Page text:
In the regions of highest optical obscuration and infrared confusion, only 21-cm emission can be used to find galaxies in the Zone of Avoidance. A feasibility study conducted with the 300-ft telescope successfully uncovered galaxies which seem to be consistent with populations of optically-selected low surface brightness galaxies. A complete survey is currently being conducted in the north with the Dwingeloo telescope. The big breakthrough should come in the south, however, with the advent of the Parkes telescope multibeam system.
The Dwingeloo Obscured Galaxies Survey (DOGS) is a 21-cm blind survey for galaxies hidden in the northern ‘Zone of Avoidance’ (ZOA): the portion of the optical extragalactic sky which is obscured by dust in the Milky Way. Like the Parkes southern hemisphere ZOA survey, the DOGS project is designed to reveal hidden dynamically important nearby galaxies and to help ‘fill in the blanks’ in the local large scale structure. To date, 36 galaxies have been detected by the Dwingeloo survey; 23 of these were previously unknown [no corresponding sources recorded in the NASA Extragalactic Database (NED)]. Among the interesting detections are three nearby galaxies in the vicinity of NGC 6946 and 11 detections in the Supergalactic plane crossing region. VLA follow-up observations have been conducted for several of the DOGS detections.
The HI Parkes Zone of Avoidance Survey is a 21 cm blind search with the multibeam receiver on the 64-m radiotelescope, looking for galaxies hidden behind the southern Milky Way. The first, shallow (15 mJy rms) phase of the survey has uncovered 107 galaxies, two-thirds of which were previously unknown. The addition of these galaxies to existing extragalactic catalogues allows the connectivity of a very long, thin filament across the Zone of Avoidance within 3500 km s−1 to become evident. No local, hidden, very massive objects were uncovered. With similar results in the north (the Dwingeloo Obscured Galaxies Survey) our census of the most dynamically important HI-rich nearby galaxies is now complete, at least for those objects whose HI profiles are not totally buried in the Galactic HI signal. Tests are being devised to better quantify this remaining ZOA for blind HI searches. The full survey is ongoing, and is expected to produce a catalogue of thousands of objects when it is finished.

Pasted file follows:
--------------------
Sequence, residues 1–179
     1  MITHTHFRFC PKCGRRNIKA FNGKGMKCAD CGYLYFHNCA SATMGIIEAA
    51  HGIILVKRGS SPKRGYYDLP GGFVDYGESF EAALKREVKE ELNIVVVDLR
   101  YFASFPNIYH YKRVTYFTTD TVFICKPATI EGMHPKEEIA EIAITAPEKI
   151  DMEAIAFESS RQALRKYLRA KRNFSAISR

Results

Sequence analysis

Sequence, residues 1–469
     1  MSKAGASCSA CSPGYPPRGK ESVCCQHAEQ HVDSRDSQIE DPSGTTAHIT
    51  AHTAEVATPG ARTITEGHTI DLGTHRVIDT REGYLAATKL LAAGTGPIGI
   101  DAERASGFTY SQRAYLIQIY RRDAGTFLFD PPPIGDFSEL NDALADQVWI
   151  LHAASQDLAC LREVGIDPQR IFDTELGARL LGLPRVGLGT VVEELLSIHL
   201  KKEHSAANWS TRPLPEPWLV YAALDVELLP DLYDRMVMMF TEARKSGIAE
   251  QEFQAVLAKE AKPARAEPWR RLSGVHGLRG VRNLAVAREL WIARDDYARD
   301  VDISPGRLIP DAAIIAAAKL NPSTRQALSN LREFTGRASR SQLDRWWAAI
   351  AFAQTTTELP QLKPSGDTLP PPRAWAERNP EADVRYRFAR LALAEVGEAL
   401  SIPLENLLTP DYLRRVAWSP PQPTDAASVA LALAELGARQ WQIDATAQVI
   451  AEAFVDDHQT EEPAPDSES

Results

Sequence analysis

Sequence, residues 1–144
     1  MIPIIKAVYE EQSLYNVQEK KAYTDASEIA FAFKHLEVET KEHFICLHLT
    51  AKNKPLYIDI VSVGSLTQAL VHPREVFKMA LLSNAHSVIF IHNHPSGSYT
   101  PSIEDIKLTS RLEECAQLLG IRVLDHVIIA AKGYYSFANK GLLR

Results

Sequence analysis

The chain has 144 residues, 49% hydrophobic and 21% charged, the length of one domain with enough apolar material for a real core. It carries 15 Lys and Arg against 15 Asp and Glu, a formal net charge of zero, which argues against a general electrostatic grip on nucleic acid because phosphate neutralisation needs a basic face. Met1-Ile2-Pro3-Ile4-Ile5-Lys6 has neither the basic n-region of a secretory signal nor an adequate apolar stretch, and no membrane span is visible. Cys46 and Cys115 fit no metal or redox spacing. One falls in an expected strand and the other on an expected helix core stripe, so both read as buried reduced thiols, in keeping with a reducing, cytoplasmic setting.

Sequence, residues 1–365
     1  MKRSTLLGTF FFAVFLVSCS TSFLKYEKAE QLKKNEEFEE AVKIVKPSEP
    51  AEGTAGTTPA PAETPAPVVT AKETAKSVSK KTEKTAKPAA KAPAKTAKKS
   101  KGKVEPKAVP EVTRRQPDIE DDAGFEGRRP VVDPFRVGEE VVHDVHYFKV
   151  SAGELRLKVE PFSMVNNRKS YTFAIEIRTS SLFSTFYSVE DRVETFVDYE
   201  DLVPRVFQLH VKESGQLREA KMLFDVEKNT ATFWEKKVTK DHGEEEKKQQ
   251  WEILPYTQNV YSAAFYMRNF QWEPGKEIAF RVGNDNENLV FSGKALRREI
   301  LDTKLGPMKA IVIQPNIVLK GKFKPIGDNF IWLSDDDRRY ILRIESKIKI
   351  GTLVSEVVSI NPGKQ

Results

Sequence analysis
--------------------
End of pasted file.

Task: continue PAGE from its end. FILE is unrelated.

We report here on extragalactic large-scale structures uncovered by a deep optical survey for galaxies behind the southern Milky Way. Systematic visual inspection of the ESO/SRC survey revealed over 10000 previously unknown galaxies in the region 265° ≲ l ≲ 340°, ∣b∣ ≲ 10°. With subsequently obtained redshifts of more than 10% of these galaxies, new structures across the Milky Way are unveiled, such as a filament at ∼2500 km s−1 connecting to the Hydra and Antlia clusters, a shallow extended superduster in Vela (∼6000 km s−1), and a nearby (4882 km s−1), very massive (M ∼ 2 – 5 × 1015M☉), rich Coma-like cluster which seems to constitute the previously unidentified centre of the Great Attractor.
The innermost part of the Milky Way, where the foreground obscuration in the blue is AB ≳ 5m, i.e. where HI-column densities Nhi ≳ 6·1021cm−2, remains fully opaque. In this approximately 8° wide strip, the forthcoming blind HI survey with the multibeam system at Parkes will provide the only tool to unveil this part of the extragalactic sky.
Submillimeter dust continuum emission traces high molecular column densities and, thus,
dense cloud regions in which new stars are forming. Surveys of the Galactic plane in such
emission have the potential of delivering an unbiased view of high-mass star formation
throughout the Milky Way. The location of the APEX telescope on the Chajnantor plateau in
Chile is ideally suited for mapping the inner Galaxy. ATLASGAL, The APEX Telescope Large
Area Survey of the Galaxy at 870 μm, is a survey of the Galactic plane
using the Large APEX Bolometer Camera (LABOCA), in the Galactic longitude and latitude
ranges of ±60 and ±1.5°, respectively. This survey is providing an unbiased sample of
cold dusty clumps in the Galaxy at submillimeter wavelength and a variety of molecular
line follow-up observations have been started to characterize the physical and chemical
conditions in the newly found clumps. Here, first results from this survey and its
follow-up programs are described.